Encyclopedia of Astrobiology

Encyclopedia of Astrobiology

Henderson James Cleaves

Language: English

Pages: 1853

ISBN: 3642112714

Format: PDF / Kindle (mobi) / ePub


The interdisciplinary field of Astrobiology constitutes a joint arena where provocative discoveries are coalescing concerning, e.g. the prevalence of exoplanets, the diversity and hardiness of life, and its increasingly likely chances for its emergence. Biologists, astrophysicists, biochemists, geoscientists and space scientists share this exciting mission of revealing the origin and commonality of life in the Universe. The members of the different disciplines are used to their own terminology and technical language. In the interdisciplinary environment many terms either have redundant meanings or are completely unfamiliar to members of other disciplines.

The Encyclopedia of Astrobiology serves as the key to a common understanding. Each new or experienced researcher and graduate student in adjacent fields of astrobiology will appreciate this reference work in the quest to understand the big picture. The carefully selected group of active researchers contributing to this work and the expert field editors intend for their contributions, from an internationally comprehensive perspective, to accelerate the interdisciplinary advance of astrobiology.

 

 

 

 

 

 

 

 

 

 

 

 

 

 

 

 

 

 

 

 

transverse component of the star’s space velocity relative to our Sun. This proper motion often exceeds 50 mas yearÀ1. We use the recent determination of the mass of the planetary companion HD 38529 c (Benedict et al. 2010) as an example of the methodology. The star HD 38529 (= HIP 27253 = HR 1988 = PLX 1320) hosts two known companions (b and c) discovered by high-precision ▶ radial velocity (RV) monitoring (summarized in Wright et al. 2009). Previously published minimum masses were Mb sin i =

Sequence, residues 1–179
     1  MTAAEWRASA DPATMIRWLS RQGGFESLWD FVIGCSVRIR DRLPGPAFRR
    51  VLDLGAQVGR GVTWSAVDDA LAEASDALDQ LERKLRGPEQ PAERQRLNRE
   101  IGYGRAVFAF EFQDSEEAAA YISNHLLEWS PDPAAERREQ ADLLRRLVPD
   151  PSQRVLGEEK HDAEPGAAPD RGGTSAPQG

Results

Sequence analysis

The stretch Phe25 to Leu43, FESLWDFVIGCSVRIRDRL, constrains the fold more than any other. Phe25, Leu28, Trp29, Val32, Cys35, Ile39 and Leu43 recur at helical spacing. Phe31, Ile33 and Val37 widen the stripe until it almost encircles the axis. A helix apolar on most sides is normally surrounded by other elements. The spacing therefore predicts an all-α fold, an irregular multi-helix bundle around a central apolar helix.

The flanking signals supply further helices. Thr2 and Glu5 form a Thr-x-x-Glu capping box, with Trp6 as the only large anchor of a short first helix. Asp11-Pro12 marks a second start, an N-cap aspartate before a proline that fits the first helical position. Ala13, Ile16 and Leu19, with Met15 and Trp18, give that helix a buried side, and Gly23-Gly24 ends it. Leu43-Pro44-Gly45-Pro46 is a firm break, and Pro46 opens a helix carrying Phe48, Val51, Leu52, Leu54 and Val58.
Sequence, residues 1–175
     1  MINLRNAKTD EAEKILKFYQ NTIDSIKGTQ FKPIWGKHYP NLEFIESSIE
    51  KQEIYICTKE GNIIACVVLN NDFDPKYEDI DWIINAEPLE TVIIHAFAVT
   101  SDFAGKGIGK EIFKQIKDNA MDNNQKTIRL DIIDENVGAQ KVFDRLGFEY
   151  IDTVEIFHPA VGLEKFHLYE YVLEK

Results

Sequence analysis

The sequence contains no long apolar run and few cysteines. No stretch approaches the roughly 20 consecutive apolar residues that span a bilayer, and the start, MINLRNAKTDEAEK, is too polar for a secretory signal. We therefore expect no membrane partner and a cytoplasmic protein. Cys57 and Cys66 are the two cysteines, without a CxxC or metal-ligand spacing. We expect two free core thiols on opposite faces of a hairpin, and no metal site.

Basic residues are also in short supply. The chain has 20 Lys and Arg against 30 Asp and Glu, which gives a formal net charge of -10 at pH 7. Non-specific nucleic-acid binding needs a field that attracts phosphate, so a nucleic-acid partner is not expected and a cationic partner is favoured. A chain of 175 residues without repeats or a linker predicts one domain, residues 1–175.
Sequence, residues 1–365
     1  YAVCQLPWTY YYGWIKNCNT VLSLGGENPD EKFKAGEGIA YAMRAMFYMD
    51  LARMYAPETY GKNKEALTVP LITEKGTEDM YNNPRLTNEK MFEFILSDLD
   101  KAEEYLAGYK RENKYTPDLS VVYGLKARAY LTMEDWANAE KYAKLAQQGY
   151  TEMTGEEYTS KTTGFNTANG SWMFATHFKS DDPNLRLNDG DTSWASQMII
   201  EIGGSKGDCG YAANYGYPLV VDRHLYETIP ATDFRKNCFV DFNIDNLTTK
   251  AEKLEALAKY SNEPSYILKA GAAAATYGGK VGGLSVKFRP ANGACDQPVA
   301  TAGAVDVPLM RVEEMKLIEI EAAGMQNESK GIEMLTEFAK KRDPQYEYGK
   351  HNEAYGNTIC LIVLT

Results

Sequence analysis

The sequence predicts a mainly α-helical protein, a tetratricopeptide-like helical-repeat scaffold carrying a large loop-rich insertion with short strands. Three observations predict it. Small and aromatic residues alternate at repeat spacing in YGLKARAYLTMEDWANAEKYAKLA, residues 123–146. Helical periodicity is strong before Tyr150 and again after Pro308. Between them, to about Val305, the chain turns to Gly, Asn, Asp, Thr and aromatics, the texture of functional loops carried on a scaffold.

explored theoretically in the past. History The term was originally proposed by H. Maturana and F. Varela in the early seventies (from Greek: auto, “self”; and poiesis, production) and proposed as an abstract definition of ▶ life. According to these authors, an autopietic system is “organized as a network of processes of production (transformation and destruction) of components which: (1) through their interactions and transformations continuously regenerate and realize the network of processes

(1998) Prokaryotes: the unseen majority. Proc Natl Acad Sci USA 95:6578–6583. doi:10.1073/ pnas.95.12.6578 Woese CR, Kandler O, Wheelis ML (1990) Towards a natural system of organisms: proposal for the domains archaea, bacteria, and eucarya. Proc Natl Acad Sci USA 87:4576–4579. doi:10.1073/ pnas.87.12.4576 Woese C, Fox G (1977) Phylogenetic structure of the prokaryotic domain: the primary kingdoms. Proc Natl Acad Sci USA 74(11):5088–5090. doi:10.1073/pnas.74.11.5088 Xu J (2006) Microbial ecology

we express our sincere appreciation to the editorial staff of Springer, in particular Saskia Ellis, Marion Kraemer and Jana Simniok, who lent technical and administrative support throughout the entire process. The Editors Editor-in-Chief Muriel Gargaud Laboratoire d’Astrophysique de Bordeaux CNRS and Universite´ Bordeaux 1 2 Rue de l’Observatoire 33270 Floirac France Muriel.Gargaud@obs.u-bordeaux1.fr Field: Astrophysics Book Editors Ricardo Amils Laboratory of Extremophiles Departament of

(1952) The chemical basis of morphogenesis. Philos Trans R Soc Lond B 237:37–72, Also in Saunders PT (ed) (1992) The collected works of A. M. Turing: morphogenesis. North-Holland, Amsterdam Varela FR, Maturana HR, Uribe R (1974) Autopoiesis: the organisation of living systems, its characterization and a model. BioSystems 5:187–196 Artificial Meteorite ▶ STONE 99 A 100 A ASA ASA Synonyms Aeronautics and Space Agency of FFG; Agentur fu¨r Luft- und Raumfahrt der FFG; Austrian Space Agency,

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